[Advaita-l] Apoureshyatva - Faith or Logic?
svidyasankar at hotmail.com
Mon Jun 25 13:11:34 CDT 2012
Sri lalitAlAlitaH wrote:
> > The real problem, therefore, lies not in directly pitting traditional
> > thinking
> > vs. modern scientific and humanistic theories, but in the details of what
> > is
> > really meant by eternal existence of the universal in comparison to the
> > manifestations of the individual particulars.
> Nice presentation.
> One must remember that even mImAMsaka-s can't deny that entities are
> subject to birth. They just say that jAti-s are nitya.
And Sri Ramesh Krishnamurthy wrote:
> The point is simply that by straitjacketing our intellectual
> traditions and presenting them (falsely) as being pitted against this
> or that scientific or other laukika pramANa based theory, we are only
> a doing a great disservice to our dharma and our intellectual
Thank you both! It appears to me that you got the spirit of my response
outlining some possible ways by which the nitya-tva of Sabda (in the pUrva
mIMAmsA sense) is not compromised by biological evolution and linguistic
evolution. I merely wished to point out that if one so wishes, one can easily
accommodate these lines of thinking within one's world view and that they
indicate nothing negative about veda-prAmANya and veda-apaurusheyatva.
Speaking as a scientist and as a vedAntin, I fail to see how the latest scientific
theories and findings impinge upon the vedAntic view of scripture in any way,
positive or negative. It is a simple matter of logic that logic itself requires an
axiom or two. Any attempt to prove the validity of an axiom, within the bounds
of that logical system, is going to be, by default, a circular argument eventually.
If one's acceptance of veda-prAmANya is contingent upon one's acceptance of
veda-apaurusheyatva, then one has to be very, very clear about what is meant
by the word apaurusheya. And if one further goes around looking for "proof"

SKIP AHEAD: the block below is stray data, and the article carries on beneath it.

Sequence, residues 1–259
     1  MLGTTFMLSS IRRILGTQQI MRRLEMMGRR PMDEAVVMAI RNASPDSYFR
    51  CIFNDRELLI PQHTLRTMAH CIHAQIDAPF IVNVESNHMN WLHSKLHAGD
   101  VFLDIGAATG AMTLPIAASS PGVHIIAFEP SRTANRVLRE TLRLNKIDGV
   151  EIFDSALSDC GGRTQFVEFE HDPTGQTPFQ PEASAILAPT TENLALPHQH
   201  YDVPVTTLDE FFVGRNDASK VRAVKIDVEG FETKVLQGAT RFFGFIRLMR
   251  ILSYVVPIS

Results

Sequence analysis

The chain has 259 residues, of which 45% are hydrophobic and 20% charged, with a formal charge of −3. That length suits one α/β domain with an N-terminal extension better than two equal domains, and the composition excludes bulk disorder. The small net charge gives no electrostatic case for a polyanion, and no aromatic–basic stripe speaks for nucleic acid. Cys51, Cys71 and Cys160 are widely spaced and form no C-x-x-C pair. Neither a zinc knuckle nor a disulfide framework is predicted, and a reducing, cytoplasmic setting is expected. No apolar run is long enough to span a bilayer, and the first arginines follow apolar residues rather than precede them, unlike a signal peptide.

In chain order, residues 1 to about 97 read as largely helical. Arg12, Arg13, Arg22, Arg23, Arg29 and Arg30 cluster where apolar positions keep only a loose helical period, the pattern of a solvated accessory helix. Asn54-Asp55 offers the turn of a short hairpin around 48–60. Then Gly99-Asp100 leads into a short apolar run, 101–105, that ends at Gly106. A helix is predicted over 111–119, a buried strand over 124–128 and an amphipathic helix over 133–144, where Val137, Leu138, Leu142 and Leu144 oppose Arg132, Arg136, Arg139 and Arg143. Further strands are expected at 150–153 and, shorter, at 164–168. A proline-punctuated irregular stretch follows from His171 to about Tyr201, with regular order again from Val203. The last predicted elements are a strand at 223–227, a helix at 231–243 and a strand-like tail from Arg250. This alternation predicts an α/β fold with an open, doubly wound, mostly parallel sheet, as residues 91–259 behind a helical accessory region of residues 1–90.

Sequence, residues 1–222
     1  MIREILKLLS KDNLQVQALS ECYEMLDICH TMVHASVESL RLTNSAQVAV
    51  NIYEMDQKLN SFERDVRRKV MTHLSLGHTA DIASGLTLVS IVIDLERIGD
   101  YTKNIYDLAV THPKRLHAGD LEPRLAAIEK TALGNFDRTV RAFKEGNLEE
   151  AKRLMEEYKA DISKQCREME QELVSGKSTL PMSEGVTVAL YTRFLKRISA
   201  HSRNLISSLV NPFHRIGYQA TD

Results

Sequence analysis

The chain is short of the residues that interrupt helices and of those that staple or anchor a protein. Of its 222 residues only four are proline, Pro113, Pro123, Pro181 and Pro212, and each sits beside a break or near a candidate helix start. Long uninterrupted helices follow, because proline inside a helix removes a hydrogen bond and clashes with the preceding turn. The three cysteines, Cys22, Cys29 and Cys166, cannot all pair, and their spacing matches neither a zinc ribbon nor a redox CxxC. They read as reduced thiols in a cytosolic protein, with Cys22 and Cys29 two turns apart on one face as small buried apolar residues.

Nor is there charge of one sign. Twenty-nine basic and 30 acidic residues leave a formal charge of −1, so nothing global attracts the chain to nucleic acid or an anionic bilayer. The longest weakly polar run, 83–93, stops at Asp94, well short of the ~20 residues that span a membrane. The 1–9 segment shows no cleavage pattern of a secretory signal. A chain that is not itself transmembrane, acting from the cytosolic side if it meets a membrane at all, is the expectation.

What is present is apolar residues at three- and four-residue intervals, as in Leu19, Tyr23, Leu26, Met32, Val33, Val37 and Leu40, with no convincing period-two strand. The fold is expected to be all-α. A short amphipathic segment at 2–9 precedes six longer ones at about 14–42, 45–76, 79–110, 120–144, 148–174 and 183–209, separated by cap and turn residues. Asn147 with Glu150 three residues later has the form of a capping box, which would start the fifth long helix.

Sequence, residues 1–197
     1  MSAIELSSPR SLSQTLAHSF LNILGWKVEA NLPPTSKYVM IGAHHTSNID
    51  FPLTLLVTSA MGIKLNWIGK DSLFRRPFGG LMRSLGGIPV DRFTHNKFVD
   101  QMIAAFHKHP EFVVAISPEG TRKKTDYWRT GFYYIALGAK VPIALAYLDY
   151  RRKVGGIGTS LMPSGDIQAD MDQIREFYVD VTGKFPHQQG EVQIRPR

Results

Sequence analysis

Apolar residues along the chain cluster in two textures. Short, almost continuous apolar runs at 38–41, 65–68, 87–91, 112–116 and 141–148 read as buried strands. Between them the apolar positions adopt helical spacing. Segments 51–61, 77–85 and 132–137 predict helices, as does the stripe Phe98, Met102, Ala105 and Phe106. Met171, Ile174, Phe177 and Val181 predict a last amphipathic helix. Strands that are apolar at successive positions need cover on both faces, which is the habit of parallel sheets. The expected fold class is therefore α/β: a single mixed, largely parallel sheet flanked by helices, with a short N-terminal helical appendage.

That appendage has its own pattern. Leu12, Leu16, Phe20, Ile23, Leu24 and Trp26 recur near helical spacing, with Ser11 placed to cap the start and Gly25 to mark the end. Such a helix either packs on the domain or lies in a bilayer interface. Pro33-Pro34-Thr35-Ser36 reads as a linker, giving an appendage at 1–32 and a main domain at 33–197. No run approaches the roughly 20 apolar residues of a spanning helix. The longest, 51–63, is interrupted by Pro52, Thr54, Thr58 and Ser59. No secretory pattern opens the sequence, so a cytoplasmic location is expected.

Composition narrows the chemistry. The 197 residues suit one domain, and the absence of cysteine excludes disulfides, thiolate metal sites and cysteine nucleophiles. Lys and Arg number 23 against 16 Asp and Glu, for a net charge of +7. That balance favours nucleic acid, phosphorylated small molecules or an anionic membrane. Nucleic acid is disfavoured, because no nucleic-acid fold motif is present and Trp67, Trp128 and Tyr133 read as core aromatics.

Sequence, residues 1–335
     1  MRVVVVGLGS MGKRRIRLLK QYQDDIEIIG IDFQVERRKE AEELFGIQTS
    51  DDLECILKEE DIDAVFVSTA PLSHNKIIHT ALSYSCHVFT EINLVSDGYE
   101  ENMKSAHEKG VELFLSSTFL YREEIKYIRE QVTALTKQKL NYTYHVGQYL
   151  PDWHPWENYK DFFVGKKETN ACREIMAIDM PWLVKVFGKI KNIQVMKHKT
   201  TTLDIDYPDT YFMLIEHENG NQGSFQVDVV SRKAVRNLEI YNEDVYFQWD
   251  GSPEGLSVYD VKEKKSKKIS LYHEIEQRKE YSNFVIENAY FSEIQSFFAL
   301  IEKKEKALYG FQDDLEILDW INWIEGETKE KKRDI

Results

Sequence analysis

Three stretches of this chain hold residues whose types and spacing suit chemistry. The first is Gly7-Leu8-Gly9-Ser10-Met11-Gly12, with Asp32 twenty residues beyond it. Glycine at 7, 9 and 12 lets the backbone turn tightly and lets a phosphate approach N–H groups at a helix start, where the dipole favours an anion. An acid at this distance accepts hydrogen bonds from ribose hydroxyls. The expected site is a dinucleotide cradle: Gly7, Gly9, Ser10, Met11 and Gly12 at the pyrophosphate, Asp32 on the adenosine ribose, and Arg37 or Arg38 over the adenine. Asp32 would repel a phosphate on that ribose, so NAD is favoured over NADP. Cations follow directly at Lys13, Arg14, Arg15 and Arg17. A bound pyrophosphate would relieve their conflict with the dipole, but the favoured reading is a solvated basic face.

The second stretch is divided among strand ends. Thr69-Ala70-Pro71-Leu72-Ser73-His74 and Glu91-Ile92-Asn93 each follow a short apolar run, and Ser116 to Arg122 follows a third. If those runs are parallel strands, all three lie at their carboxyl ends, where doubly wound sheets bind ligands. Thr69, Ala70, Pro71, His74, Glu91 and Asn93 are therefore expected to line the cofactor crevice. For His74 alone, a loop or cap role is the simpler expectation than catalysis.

of apaurusheyatva, then one has to, by definition, accept a standard of proof
that is completely independent of the veda in the first place. So why should
such a line of thought bother about the veda and its prAmANya/apaurusheyatva
at all? It can stay content with its methods of proof that are independent of the
veda and leave the veda alone, safe in the hands of its traditional custodians!
What is the "creationism" in the veda? Is it supposed to be taken literally, like
the story of an old, white-haired god in heaven who created everything in a six
day period and then rested on the seventh? Or is it something else altogether?
Which "creationism" should one uphold as supreme - the one in the upanishads
(where the typical order is AtmA -> AkASa -> vAyu -> agni -> ApaH -> pRthivI
-> oshadhi -> annam -> purusha) or something else, say from the purANa-s,
where a lotus emerged from the sleeping Vishnu's navel, with Brahma sitting
upon it, who then created all living beings?
If either of these general accounts is taken as if they were historical events
that occured at the beginning of the universe and then pitted against the most
contemporary form of scientific thinking about the origins of the universe, which
is also taken as "really real", then what value is one attaching to the vedAntic
insight that all that is perceived as the universe is ultimately mithyA? The more
one insists upon a "vedic creationism", what value is one attaching to vedAntic
teaching that the ultimate truth is ajAti and that creation is only described as an
upAya to bring one's attention back to the highest Atman?
Even apart from the highest level of vedAntic discourse, why should science
be brought into every aspect of life and thinking? Science is its own domain;
it has its uses and the scientific process has its own insights and benefits to
offer to human beings as well as a lot to contribute towards the downfall of
human beings too. But who appointed science as the ruler over the arts, law,
religion, philosophy and all other dimensions of human life as well?
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